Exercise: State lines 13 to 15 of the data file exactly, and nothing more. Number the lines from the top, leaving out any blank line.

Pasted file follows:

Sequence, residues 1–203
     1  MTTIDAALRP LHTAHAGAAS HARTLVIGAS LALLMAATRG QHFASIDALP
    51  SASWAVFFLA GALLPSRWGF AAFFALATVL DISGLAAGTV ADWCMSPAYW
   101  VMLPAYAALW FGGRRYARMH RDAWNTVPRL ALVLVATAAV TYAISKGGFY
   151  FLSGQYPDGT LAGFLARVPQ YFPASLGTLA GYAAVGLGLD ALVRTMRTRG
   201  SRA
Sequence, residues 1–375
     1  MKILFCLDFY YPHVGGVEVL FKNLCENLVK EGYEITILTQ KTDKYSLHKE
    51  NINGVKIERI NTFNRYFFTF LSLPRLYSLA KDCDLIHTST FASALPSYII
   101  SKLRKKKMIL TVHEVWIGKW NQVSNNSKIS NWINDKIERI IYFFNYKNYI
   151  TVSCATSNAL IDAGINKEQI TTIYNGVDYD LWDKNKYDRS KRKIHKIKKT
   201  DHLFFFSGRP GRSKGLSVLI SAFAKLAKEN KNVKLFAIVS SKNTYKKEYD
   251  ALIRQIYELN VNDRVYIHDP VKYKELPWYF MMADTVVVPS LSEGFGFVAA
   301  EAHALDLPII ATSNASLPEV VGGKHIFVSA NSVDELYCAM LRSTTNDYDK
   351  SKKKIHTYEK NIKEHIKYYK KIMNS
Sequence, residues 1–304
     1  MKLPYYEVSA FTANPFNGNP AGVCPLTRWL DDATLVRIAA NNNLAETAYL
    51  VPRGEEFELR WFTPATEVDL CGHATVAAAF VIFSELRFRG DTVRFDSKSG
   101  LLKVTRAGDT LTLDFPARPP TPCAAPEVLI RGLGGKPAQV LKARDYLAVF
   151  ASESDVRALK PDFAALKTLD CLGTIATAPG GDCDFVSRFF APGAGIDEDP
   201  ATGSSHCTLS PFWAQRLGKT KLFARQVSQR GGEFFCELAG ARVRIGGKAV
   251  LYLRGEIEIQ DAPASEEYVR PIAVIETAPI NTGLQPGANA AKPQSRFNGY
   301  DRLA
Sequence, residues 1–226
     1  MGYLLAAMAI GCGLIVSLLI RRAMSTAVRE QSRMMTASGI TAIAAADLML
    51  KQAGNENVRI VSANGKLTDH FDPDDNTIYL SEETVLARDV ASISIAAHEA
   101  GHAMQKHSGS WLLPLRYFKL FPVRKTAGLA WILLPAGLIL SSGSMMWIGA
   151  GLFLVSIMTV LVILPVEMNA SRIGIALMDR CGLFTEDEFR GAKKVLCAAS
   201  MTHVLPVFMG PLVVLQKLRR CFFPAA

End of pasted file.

   251  ALIRQIYELN VNDRVYIHDP VKYKELPWYF MMADTVVVPS LSEGFGFVAA
   301  EAHALDLPII ATSNASLPEV VGGKHIFVSA NSVDELYCAM LRSTTNDYDK
   351  SKKKIHTYEK NIKEHIKYYK KIMNS